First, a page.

In Athens on Wednesday, officials pressed ahead with changes to local labor laws and other measures that they must enact before they receive the money. Finance Minister Evangelos Venizelos said that the deal would put to rest fears that his country will pull out, or be kicked out, of the euro currency zone.
“The agreement . . . binds Greece to the euro,” Venizelos said on Greek television. “This is a decisive and irreversible action.”
But any hope that the deal would be an immediate salve for the struggling euro zone quickly evaporated. European markets were down Wednesday as economic data confirmed that the regional economy is slowing, and the Fitch Ratings service downgraded Greece, saying the private debt deal would amount to a Greek default even though it is designed to be “voluntary.”
The IMF analysis, meanwhile, suggested Greece’s neighbors may have to carry the country for much longer than expected as the implications of the private debt plan become clearer.
Private debt relief is a central part of the rescue program. Under a deal negotiated over several months, private investors will be asked to trade their Greek bonds for new ones that are worth about half as much but which are backed in part by a European rescue fund meant to make them less risky.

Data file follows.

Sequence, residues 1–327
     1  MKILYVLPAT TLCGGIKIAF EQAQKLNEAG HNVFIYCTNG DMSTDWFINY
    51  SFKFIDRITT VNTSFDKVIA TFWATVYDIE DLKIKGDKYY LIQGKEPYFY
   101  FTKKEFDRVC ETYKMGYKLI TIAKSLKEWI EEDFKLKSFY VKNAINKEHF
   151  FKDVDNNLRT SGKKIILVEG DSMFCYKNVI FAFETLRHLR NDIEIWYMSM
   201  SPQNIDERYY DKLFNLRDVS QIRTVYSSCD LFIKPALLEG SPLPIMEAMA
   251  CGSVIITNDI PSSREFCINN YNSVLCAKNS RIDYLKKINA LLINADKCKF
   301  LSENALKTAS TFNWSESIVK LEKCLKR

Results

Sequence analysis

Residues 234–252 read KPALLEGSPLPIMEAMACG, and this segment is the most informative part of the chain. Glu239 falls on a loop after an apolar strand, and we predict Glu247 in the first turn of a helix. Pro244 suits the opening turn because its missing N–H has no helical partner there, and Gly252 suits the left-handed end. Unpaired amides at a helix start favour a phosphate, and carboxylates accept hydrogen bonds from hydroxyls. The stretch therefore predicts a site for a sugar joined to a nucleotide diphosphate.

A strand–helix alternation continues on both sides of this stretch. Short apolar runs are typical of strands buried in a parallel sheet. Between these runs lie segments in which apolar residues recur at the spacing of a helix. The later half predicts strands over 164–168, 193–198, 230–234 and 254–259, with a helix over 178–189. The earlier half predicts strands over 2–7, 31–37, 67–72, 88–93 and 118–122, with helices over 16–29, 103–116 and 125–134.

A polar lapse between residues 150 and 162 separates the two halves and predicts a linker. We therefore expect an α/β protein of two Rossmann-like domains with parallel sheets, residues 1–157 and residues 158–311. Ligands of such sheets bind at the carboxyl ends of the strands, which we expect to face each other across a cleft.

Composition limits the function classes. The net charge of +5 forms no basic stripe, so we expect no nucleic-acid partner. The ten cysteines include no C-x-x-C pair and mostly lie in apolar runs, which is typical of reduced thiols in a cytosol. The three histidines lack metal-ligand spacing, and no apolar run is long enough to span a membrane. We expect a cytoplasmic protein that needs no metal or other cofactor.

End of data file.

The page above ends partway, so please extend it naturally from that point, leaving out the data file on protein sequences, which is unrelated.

The debt exchange — which the IMF calls the largest such deal in history — is to be carried out in the next few weeks as European officials, the IMF and authorities in Athens put the final touches on the complex rescue plan hammered out in weekend talks. By the time that exchange is complete, nearly all of Greece’s outstanding loans will be in the hands of public institutions, such as the IMF, the European Central Bank or European governments.
Theoretically, during the three years of the rescue plan, Greece will restructure its economy, become more competitive and resuscitate economic growth — and be ready to wean itself from IMF and European help by again selling bonds to private buyers.
But with so much owed to governments and other public entities — all of which will take priority when it comes to repayment — private investors may well avoid investing in the country.
“Given the high prospective level and share of senior debt, the prospects for Greece to be able to return to the market in the years following the end of the new program are uncertain and require more analysis,” the IMF wrote in a bleak assessment of the new Greek program. “Prolonged financial support . . . may be necessary.”
Loans from the IMF or other public entities are generally treated as superior to those made by private investors. Public officials would not put taxpayers’ money at risk without that sort of protection.